Steve stared at his hands. He had disconnected to the rhythm of the cards. What had he allowed himself to be part of?

“Well, I don’t think anyone is going to go crazy on this doubling option.” Ed had taken on a harder look, touched with coyness. He had no idea why Max had suggested the increase in stakes, but he believed Max was taking a “shot” at him if not Ernie. The kid needed a life lesson in cards.

“That is fine by me. What do you think Steve?” He did not want to leave Steve out of this anymore. He saw the downtrodden posture and felt obligatory to it. But Max knew Steve was disconnected.

Steve pushed past his chagrin, “I don’t care.”

As Ed dealt the cards, Steve looked straight at Max. Max was watching the cards leave Ed’s hands so did not notice the look. As the last card was dealt, Max looked up and smiled. Steve looked away.

The second game went down to the wire, with neither team doubling. The skunk hole is so named as many a player has landed in the last hole only to have the other person or team pass by and win. It “stunk.”

Ed and Ernie were five pegs out. Steve and Max were two to the skunk, three to win. The game would come down to pegging. The hand started with Ernie playing a four. Steve quickly paired him with another four and slipped the back blue peg into their skunk hole. Max watched the play and felt a pinch of regret. Ed slowly played a third four making the count six points. Ballgame. Another dollar, but more specific, a mental mistake that sent electrodes cursing through Steve’s head. Max looked at Steve and now could see resignation.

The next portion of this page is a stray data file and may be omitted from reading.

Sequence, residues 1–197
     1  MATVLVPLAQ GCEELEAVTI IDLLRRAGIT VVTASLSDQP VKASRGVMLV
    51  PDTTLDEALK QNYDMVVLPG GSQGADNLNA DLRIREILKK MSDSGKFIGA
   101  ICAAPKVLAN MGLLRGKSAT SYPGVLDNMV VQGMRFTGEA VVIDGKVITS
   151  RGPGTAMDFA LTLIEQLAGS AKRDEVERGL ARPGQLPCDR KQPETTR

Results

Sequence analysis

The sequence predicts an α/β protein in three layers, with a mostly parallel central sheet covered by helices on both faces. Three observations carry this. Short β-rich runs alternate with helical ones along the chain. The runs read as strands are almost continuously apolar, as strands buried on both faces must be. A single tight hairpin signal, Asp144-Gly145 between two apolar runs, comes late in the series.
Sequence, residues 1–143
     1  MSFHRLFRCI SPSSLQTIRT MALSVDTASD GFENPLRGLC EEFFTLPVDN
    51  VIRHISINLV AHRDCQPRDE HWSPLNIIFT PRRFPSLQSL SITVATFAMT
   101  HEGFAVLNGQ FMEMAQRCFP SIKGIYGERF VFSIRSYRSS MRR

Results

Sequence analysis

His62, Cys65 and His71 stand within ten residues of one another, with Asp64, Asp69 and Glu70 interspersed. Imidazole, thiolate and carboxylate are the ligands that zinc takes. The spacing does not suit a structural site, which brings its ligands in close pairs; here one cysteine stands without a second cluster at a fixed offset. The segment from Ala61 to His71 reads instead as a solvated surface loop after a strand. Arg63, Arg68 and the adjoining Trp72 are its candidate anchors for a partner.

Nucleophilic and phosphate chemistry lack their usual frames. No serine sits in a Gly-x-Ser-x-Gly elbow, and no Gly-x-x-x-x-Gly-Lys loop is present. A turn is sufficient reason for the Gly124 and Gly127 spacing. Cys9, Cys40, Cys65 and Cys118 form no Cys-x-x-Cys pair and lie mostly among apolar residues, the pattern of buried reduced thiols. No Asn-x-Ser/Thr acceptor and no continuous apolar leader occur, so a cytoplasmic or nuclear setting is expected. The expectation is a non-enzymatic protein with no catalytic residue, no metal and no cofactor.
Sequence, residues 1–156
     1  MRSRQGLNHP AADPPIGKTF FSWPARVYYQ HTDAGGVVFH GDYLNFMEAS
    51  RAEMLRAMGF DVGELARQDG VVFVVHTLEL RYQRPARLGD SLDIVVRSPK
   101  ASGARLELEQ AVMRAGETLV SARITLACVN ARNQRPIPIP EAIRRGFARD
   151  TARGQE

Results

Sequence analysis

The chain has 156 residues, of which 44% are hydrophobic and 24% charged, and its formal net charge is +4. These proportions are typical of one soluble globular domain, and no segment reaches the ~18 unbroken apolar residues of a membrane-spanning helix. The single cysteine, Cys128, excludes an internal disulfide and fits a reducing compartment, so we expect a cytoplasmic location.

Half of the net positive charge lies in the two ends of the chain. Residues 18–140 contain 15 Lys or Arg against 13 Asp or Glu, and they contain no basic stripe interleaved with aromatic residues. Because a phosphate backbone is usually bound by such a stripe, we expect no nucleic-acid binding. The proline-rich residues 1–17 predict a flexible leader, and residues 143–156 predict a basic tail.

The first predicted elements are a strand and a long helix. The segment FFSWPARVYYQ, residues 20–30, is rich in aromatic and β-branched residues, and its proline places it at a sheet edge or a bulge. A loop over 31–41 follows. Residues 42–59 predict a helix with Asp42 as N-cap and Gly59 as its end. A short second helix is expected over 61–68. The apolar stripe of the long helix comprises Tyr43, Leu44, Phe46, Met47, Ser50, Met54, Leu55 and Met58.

“Well, that was a close one,” chimed Ed. “Good game boys.” He pushed the cards toward Max. Max shuffled. He gave Steve a quick look. It was not returned. One more dollar.

In the third game Ernie and Ed not only jumped out quickly, but they jumped out to a distance that gave the look of a skunk game against the boys. Ernie galloped his peg ahead and passed the skunk line. The blue pegs were not even in red’s rearview mirror.

“Double” he exclaimed!

“o.k.” Max noted.

Steve was riding along now. He played passively, hoping the game would be soon over. He just nodded.

They played on. Max and Steve played o.k but after Ernie had counted the crib hand red stood erect in the skunk hole with blue mired twenty-two points behind.